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News Release

USDA Seeks Project Proposals to Protect and Restore Critical Wetlands

WetlandReserve

For more information contact:
Katherine K. Burse, State Public Affairs Officer
PH: 615-277-2533

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NASHVILLE – USDA is making available up to $40 million in technical and financial assistance to help eligible conservation partners voluntarily protect, restore and enhance critical wetlands on agricultural lands. Restored wetlands improve water quality downstream and improve wildlife habitat, while also providing flood prevention and recreational benefits to communities.

“These locally-led partnerships are instrumental in achieving greater wetland acreage and maximizing their benefits to farmers, ranchers and the local communities where wetlands exist,” said Sheldon Hightower, Tennessee State Conservationist, Natural Resources Conservation Service (NRCS). “For example, we see this program as important to helping communities respond to natural disasters, such as the floods in the Tennessee. These partnerships can help with addressing croplands that flood frequently and water storage.”

Proposals should be emailed to NRCS at SM.NRCS.WRE@wdc.usda.gov by Friday, June 14, 2019.

About the Wetland Reserve Enhancement Partnership

Funding will be provided through the Wetland Reserve Enhancement Partnership (WREP), part of the Agricultural Conservation Easement Program (ACEP), a Farm Bill conservation program. Through WREP, states, local units of governments, non-governmental organizations and American Indian tribes collaborate with NRCS through cooperative and partnership agreements. These partners work with tribal and private landowners who voluntarily enroll eligible land into easements to protect, restore and enhance wetlands on their properties.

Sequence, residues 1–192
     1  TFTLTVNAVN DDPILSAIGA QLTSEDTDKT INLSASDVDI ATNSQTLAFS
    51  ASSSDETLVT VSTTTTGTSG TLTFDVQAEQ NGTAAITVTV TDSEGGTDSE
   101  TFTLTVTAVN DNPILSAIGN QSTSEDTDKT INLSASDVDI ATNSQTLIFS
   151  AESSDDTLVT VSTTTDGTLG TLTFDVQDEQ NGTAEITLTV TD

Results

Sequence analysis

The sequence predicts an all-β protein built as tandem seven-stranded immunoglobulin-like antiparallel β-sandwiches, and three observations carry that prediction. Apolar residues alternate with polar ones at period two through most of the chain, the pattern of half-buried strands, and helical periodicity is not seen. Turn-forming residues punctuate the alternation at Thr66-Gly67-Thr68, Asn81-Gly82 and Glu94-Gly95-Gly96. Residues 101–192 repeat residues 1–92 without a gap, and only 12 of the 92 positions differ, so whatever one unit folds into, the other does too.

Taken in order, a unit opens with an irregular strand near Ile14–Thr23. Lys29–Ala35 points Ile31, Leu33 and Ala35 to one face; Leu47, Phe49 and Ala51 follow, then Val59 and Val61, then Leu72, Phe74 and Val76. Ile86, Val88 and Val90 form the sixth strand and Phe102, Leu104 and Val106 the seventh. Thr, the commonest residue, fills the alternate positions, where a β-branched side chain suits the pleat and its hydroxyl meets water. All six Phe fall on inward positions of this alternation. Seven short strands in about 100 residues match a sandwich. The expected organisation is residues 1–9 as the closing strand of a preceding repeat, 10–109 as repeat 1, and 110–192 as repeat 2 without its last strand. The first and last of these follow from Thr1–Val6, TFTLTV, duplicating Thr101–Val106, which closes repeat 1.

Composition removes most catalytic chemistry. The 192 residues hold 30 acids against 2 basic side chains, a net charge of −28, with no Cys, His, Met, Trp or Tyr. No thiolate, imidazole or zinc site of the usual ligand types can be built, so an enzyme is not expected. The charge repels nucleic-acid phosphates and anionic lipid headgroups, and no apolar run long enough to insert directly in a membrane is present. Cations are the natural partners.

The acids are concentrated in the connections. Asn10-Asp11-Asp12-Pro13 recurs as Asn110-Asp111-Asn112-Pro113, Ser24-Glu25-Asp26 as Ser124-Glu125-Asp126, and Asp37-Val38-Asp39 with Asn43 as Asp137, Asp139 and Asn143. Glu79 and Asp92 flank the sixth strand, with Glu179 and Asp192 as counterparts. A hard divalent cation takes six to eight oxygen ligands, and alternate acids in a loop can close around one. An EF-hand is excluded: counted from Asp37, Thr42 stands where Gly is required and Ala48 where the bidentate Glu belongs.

Easements enable landowners to successfully reduce impacts from flooding, recharge groundwater, enhance and protect wildlife habitat, and provide outdoor recreational and educational opportunities. Partners benefit from WREP by targeting outreach and enrollment priorities supported by NRCS.

The voluntary nature of NRCS easement programs enables effective integration of wetland restoration on working landscapes, providing benefits to farmers and ranchers who enroll in the program, as well as benefits to the communities where wetlands exist. Easements enable landowners to adopt a variety of conservation practices that improve the function and condition of wetlands.

Partners, farmers and forest landowners interested in WREP are encouraged to work with their local NRCS Service Center as part of developing the proposal. Proposals must follow ACEP guidelines for wetland reserve easements.

For more information about the ACEP, contact Jamie Carpenter,  jamie.carpenter@usda.gov or 615-277-2576, or visit the national ACEP webpage.

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“Voluntary Conservation Works!”